Learn how and when to transplant hostas in your garden.
Dig into shade gardening even just a little and you’ll be transplanting hostas before you know it. These shade-loving perennials have easy growing personalities and when they’re happy, they eventually outgrow the space you’ve given them. The good news is that you don’t need heavy duty garden knowledge to learn how to transplant hostas. The trickiest part is knowing when to transplant hostas — and that’s not even that difficult.
When to Transplant Hostas
Wondering when to transplant hostas? The ideal times are in spring or early autumn. In most regions, if you can time it right, plan to transplant hostas before seasonal rains arrive. That way, the rains can keep soil moist and help new plants get established more quickly. Early fall is probably the absolute best time to tackle transplanting hostas because soil is still warm from long summer days, which means hosta roots will grow quickly. Spring transplanting also works fine as long as you wait until soil has warmed up a bit.
How often you need to transplant hostas varies. As a rule, hostas tend to grow bigger the longer they stay in one spot. So if you’re wanting a substantially sized plant, avoid frequent transplanting. If a plant has outgrown its place, then you should consider transplanting.
Some hosta varieties perform like many clump-forming perennials, with older plants dying out in the center of the clump. In this situation, new growth occurs along clump edges. This new growth is often individual small plants ideal for transplanting.
Hostas that have brown leaf margins or odd color spots on leaves are candidates for moving to a spot that provides better growing conditions.
How to Transplant Hostas
Usually transplanting hostas is easy and relatively quick. Here are the steps to transplanting hostas.
- Take time to prepare the soil in the new planting area. Mix in plenty of organic matter to create a soil base that’s rich and drains well. For organic matter, use compost, ground tree bark, composted manure or any other material that’s locally available to you.
- If you’re transplanting hostas when they’re fully leafed out, tie leaves up with string or cut them a few inches above ground level.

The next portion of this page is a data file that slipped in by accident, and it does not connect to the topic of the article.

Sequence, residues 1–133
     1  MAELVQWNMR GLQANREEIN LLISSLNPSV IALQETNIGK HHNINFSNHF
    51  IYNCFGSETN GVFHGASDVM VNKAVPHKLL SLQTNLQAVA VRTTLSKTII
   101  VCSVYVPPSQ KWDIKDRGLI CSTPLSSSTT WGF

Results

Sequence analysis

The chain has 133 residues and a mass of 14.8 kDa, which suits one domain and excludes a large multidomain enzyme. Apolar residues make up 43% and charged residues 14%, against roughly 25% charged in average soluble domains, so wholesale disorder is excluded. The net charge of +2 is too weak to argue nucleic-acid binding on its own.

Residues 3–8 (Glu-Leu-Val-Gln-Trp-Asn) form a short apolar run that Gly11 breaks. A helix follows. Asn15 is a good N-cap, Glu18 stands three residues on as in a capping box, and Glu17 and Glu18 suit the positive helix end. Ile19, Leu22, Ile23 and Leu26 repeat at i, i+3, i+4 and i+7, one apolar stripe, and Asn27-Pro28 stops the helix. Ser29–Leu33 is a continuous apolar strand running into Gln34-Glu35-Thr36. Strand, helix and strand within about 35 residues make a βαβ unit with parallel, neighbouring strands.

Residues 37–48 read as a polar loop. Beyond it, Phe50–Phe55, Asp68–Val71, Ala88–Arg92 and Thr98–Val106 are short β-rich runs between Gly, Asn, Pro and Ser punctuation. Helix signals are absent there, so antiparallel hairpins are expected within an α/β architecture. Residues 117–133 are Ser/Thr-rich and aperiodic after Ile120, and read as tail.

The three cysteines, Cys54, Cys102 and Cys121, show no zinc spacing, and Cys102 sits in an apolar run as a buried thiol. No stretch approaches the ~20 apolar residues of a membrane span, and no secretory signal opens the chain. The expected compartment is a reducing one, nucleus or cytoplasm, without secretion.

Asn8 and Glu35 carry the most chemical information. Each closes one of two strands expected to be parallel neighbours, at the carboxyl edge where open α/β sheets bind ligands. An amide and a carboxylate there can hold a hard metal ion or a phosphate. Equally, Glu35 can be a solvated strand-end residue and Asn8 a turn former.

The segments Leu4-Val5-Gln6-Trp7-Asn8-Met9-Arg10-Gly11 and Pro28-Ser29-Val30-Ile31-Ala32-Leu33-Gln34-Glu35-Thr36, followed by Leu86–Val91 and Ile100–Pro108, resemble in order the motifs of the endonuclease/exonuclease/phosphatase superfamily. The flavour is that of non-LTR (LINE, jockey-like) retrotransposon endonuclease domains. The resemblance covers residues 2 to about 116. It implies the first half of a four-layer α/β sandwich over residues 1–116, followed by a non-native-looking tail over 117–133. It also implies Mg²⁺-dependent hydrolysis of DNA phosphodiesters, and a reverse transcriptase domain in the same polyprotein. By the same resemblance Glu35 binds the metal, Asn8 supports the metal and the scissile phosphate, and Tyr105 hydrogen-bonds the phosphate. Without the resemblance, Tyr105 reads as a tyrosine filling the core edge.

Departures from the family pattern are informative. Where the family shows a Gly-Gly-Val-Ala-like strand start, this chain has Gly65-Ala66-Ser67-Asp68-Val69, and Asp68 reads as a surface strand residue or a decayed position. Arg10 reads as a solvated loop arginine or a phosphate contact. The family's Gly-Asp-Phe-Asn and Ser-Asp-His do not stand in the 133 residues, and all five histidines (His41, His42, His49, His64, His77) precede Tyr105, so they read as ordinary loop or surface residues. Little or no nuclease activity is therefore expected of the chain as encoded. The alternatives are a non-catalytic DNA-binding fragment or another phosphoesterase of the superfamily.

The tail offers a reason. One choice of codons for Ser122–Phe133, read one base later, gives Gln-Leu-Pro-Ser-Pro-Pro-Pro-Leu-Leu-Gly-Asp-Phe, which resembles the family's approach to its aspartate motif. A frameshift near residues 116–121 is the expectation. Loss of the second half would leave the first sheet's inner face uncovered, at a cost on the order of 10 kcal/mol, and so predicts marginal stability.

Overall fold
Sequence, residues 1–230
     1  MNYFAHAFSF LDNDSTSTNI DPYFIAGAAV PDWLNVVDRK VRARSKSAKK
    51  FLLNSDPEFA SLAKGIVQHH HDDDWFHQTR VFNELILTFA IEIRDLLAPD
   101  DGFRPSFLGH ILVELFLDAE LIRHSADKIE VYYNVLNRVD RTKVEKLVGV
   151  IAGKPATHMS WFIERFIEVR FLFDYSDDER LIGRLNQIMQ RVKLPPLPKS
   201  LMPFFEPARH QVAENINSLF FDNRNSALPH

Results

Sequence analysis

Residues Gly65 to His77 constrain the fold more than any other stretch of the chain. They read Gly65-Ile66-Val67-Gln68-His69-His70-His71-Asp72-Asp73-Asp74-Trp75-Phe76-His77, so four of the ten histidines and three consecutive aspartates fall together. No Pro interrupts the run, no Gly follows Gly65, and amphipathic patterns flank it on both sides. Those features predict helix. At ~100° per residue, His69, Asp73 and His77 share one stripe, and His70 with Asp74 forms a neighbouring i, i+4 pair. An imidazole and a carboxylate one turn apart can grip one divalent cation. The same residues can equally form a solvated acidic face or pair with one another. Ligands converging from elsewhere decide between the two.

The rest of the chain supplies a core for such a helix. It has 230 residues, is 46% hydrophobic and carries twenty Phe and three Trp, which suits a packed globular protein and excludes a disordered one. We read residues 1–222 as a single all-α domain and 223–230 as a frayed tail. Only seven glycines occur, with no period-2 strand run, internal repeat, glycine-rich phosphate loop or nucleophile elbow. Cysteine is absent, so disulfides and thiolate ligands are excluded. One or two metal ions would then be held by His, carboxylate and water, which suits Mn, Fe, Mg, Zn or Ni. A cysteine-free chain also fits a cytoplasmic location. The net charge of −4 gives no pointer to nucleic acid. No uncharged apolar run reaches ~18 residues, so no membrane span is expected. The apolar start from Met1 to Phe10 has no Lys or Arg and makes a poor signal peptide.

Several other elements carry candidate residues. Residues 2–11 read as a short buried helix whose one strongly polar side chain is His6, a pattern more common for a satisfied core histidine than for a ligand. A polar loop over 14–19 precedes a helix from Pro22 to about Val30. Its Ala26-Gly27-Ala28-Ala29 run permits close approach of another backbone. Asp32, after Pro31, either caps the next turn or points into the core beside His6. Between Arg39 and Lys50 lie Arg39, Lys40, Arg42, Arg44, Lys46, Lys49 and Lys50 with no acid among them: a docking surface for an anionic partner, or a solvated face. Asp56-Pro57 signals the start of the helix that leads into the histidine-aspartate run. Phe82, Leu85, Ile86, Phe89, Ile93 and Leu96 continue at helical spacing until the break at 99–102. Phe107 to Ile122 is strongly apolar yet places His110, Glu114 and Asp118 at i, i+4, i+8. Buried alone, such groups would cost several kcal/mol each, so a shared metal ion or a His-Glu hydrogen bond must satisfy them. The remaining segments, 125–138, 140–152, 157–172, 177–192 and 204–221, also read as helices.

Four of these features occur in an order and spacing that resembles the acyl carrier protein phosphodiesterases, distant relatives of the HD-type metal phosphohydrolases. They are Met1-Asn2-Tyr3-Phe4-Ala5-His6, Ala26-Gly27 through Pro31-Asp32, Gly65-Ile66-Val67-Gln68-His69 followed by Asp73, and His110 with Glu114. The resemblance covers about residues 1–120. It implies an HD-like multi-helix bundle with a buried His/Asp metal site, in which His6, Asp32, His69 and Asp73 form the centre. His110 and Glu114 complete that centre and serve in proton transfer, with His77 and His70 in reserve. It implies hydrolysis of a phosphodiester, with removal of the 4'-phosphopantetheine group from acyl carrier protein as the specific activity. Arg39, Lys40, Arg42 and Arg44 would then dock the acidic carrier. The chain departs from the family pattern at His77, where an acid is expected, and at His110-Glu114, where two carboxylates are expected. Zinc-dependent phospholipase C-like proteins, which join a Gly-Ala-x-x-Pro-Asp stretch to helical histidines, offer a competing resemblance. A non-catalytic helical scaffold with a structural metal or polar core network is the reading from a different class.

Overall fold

- Get as much of the root ball as you can. This is especially important with larger plants. Start digging the plant by inserting your shovel into soil just outside the edge of the leaves. Roots typically extend this far. Insert the shovel all the way around the hosta, forming a circle. Pry the plant out of the ground. With really large plants, roots may extend up to 18 inches deep.
- Once the plant is out of the ground, slide it onto a tarp. This protects surrounding plants or lawn from being inundated with soil falling off the hosta root system. It also makes it easier to tackle dividing plants, if that’s necessary.
- Place the new plants at the same depth they were growing previously. Water well after transplanting.
Dividing hostas is another easy process, although with large, established clumps it can require some serious elbow grease.
When to Divide Hostas
If you’re considering splitting hostas because your plant isn’t doing well, the growing conditions probably aren’t ideal. Other perennials, like yarrow, garden mums or coneflower, send out a clue they need dividing when the center clump of the plant dies. Hostas don’t work that way. Many of the giant types actually need about five years to come into their own. Dividing hostas like these sooner simply reduces their growth potential.
Splitting hostas is best done in spring or early fall. Ideally, plan on dividing hostas before spring or fall rains arrive. Hostas suffer most when they lose roots, so as with transplanting hostas, dig as much of the rootball as possible.
How to Divide Hostas
If you just need a few divisions, dig small clumps that have formed beside the larger parent clump. If your goal is dividing large hosta plants into several viable clumps, insert a spade into soil outside the dripline of leaves. Use a sharp spade, cutting into soil in a circle surrounding the entire plant.
Pry the plant out of the ground. With mature hostas, you may have to dig 18 inches down to get the roots. Unearth clumps onto a tarp. Pull apart clumps with your hands, or use a knife to slice crowns or growing points away from the mother plant. An easy method for dividing hostas is cutting a clump into thirds or fourths and replanting those pieces. Using this method, in one growing season plants fill in so much that it’s tough to tell they were divisions.